Does innovation lead to growth? An SDG for companies in the Black Sea markets before and after COVID-19


  • Katerina Lyroudi
  • Thomas Chatzigagios


R&D Investment, Firm Performance, Value, Growth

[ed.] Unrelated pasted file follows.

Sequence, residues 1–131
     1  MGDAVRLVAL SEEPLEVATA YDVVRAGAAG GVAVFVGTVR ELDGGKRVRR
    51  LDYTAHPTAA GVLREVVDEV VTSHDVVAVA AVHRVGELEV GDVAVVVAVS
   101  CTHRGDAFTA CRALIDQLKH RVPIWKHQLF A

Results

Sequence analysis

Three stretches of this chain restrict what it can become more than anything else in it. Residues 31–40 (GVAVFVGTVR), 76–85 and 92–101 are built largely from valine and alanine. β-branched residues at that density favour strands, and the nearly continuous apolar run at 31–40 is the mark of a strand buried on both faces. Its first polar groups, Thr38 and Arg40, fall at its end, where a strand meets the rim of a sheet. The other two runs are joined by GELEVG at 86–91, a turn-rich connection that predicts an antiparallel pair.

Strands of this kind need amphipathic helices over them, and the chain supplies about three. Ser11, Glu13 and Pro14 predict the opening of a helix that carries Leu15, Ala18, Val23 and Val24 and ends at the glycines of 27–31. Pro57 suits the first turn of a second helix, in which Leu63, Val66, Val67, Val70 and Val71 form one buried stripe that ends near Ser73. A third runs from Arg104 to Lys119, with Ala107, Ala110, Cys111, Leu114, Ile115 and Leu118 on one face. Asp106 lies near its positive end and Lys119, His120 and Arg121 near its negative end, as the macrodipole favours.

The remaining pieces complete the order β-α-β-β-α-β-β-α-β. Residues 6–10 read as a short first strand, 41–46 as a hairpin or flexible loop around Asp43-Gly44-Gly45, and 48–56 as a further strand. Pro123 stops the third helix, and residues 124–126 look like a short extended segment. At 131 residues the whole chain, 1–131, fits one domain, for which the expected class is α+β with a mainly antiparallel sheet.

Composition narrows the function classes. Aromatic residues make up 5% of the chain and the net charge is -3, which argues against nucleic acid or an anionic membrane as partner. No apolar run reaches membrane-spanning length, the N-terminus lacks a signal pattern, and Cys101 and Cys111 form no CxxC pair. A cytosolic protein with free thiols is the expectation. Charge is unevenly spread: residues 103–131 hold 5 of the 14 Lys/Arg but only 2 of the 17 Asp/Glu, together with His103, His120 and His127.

Based on the agenda 2030 for a healthier, safer and more prosperous world, were 17 sustainable development goals (SDGs) were proposed pertinent to economic, social and environmental aspects. One of these goals, namely number 8, is about “promoting sustained, inclusive and sustainable economic growth”. One of the factors promoting economic growth is innovation for the economy as a whole and for individual corporations. During the last decades, the economy in most of the developed countries has been transformed from a production to a knowledge economy. Expenditure for research and development (R&D) and company intangible assets serve as a proxy for innovation for the companies considered. Therefore, the existence of intangible assets in a company indicates that it pursues a level of innovation; furthermore, the higher the innovation, the more competitive advantages for the company and the higher its potential for survival and growth in future globalized markets. Our objective in this paper is to examine the research question, i.e., whether the existence of more innovation proxied by intangible assets or/and by R&D investment undertaken by a company leads to increasing market value, better performance, and future growth in the years before and after the COVID-19 pandemic. This study focuses on companies of Black Sea countries: Bulgaria, Georgia, Romania, Russia, Turkey, and Ukraine. From a preliminary examination of data obtained from the Thomson EIKON database, we found that research and development expenses are not reported in the case of most Bulgarian and Russian companies and only very few of Romanian and Turkish companies prepare such reports, while there are no data at all for the listed companies of the Georgian and Ukrainian markets. Hence, we limit our investigation to the three out of the six markets, specifically to the Balkan area countries, i.e., the companies listed in the stock markets of Bulgaria, Romania, and Turkey. For the examination of testable hypotheses, we use correlation and regression analysis. Results will shed more light on this issue and will help practitioners plan their strategy, accordingly; moreover, scholars will learn more about this intricate relationship, especially in the framework of developing economies.